“This year, we need a break,” said my wife, Raquel, at the beginning of 2017. Each year since we’ve gotten married, there’s been some huge stress that has shaken up our lives. I know we all go through those times, but knowing that doesn’t make them any easier — it certainly hasn’t for us.
One day when I was in my 20s, I was struggling with a lot of guilt and shame because I felt like the only thing God ever saw about me was my sin and brokenness. God must’ve told my mother.
The day my oldest daughter was born, I held her in my arms in the hospital and made two promises: “First, I promise I will never leave your mother; and second, I’ll show up. I’ll do everything I can to be at your recitals and ball games and dinner around the table.”
An eight-year-old girl broke my heart on the metro last year. Her name was Briana.
I stared at the TV and fought back tears while watching a CBS news interview with American missionaries Gracia and Martin Burnham, who were haggard, filthy, and appeared to be disoriented. The couple, who were missionaries in the Philippines, decided to spend one night at a resort to celebrate their 18th wedding anniversary. But that night they were kidnapped by terrorists, and a year later, they were being dragged through the Philippine jungle. One of their fellow hostages had been beheaded.
For the first few years I wrote my blog, it was the number one source of stress in my life — more than moving to a new state, having two kids, starting a new job, or getting diagnosed with an incurable condition.
When I was in high school, I attended the funerals for two classmates, one of whom died in a tragic shooting accident. I have a vivid memory from his funeral: sitting in the packed funeral home listening to Michael W. Smith’s song “Friends are Friends Forever” as teenagers sniffled and wiped tears away.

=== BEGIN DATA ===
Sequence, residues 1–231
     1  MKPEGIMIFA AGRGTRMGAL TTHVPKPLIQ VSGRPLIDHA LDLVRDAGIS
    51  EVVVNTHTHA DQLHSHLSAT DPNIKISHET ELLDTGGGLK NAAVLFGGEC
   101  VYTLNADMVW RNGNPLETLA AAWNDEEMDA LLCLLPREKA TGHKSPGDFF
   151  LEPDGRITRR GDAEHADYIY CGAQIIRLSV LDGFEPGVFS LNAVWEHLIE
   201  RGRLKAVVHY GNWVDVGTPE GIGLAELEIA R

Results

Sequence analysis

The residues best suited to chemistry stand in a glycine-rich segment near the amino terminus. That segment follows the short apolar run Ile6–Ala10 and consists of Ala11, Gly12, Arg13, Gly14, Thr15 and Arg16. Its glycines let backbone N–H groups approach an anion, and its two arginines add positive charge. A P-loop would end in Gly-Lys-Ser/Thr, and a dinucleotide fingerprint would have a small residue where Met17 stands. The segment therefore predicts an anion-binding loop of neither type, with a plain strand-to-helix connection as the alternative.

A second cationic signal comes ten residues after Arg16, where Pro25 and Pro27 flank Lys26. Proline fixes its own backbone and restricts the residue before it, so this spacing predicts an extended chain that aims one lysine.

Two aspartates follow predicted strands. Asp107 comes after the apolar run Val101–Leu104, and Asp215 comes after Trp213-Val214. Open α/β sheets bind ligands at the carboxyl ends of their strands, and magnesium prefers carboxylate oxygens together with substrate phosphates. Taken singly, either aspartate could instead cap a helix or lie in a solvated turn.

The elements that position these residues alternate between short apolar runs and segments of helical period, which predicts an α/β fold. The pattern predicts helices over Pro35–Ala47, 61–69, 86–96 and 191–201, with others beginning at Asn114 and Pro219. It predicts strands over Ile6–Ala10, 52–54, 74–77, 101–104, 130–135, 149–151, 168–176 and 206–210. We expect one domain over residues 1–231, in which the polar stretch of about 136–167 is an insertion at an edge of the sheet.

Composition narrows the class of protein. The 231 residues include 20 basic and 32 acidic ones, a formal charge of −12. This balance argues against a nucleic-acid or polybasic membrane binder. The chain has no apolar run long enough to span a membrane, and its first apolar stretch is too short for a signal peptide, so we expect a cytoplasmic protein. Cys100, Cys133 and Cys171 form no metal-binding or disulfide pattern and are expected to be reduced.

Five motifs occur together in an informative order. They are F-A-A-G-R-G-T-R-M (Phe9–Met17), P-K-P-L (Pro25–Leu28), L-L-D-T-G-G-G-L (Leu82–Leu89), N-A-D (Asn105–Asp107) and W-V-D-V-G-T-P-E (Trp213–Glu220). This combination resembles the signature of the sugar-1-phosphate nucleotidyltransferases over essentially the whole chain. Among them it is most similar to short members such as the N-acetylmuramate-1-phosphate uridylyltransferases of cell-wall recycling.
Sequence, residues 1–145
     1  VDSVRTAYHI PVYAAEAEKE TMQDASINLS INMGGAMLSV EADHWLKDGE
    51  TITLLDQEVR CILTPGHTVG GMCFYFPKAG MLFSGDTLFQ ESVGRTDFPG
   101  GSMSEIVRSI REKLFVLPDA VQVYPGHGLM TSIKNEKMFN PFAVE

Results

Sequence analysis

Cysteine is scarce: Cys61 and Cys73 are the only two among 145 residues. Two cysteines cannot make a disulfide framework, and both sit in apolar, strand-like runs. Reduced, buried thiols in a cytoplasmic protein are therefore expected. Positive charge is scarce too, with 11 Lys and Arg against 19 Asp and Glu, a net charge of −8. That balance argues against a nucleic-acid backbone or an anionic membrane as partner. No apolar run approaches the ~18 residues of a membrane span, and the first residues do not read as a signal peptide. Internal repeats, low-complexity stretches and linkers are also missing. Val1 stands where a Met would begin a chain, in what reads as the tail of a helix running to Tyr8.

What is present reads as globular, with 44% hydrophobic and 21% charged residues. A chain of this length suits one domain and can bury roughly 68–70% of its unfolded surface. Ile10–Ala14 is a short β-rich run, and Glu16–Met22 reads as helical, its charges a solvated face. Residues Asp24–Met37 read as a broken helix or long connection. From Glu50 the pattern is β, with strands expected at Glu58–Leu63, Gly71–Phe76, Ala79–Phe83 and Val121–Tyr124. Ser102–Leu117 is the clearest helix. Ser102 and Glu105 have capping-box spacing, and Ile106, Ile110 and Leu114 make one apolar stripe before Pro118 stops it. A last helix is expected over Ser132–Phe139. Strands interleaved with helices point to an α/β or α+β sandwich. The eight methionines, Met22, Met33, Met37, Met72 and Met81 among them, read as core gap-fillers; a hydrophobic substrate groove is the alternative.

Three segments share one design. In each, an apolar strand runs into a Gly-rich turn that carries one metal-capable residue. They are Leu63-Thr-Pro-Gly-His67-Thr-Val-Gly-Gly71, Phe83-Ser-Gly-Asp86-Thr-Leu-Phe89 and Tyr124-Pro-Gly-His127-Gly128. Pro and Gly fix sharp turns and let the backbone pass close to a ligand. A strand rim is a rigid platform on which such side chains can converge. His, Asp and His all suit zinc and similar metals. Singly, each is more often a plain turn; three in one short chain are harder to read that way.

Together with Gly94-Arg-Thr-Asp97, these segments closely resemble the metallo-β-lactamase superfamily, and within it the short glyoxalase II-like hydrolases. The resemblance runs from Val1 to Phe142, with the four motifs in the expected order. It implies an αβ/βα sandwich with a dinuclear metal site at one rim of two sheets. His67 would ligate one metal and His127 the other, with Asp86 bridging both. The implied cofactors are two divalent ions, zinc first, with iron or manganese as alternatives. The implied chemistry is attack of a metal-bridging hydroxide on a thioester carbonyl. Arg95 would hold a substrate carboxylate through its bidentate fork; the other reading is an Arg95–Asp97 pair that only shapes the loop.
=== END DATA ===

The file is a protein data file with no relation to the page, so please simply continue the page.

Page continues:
Last week I made an unexpected phone call to an old friend, and five days later, countless thousands of people had heard about the conversation.
I knew my accent would stand out when I moved to Washington, D.C. I didn’t think anyone would make fun of it. As I walked away from the break room and said, “Bye, y’all,” to a group of coworkers, I hadn’t gotten far away before I heard one of them say, “Byyyyye yawl!!” It stung.
It’s nice to look back on 2016 and see what was interesting to the people who read my blog. Even after writing the blog for seven years, I can never guess what people are going to like.
Several years ago I knew this guy who wanted to be good friends, but he didn’t act like much of one.
A lot of people struggle with knowing the exact moment they got saved. It seems impossible to figure it out. I wrestled with that for a long time until I found the answer in Scripture. He’s a Facebook video where I talk about that …
Throughout my 20s, one of the biggest sources of stress in my life was the fear that God didn’t really love me and that I would never really know where I stood with Him. At one one point, however, I put His love to the test: I went on a sinning spree that took me further than I wanted to go and convinced there was no way back.
It was Friday night in Petal, Mississippi. I was 17 years old and I decided to do something risky, something bold, something I had never done before: I drove up to a gas station. It may not seem an impressive feat to you, but this wasn’t just any gas station. This was the gas station, the Texaco — the central meeting point for the popular people from Petal High.
Several months ago, my wife and I began the process of looking for a new church. We hoped to find something much closer to our home, which automatically made the search more difficult. That wasn’t the only thing that made it harder though.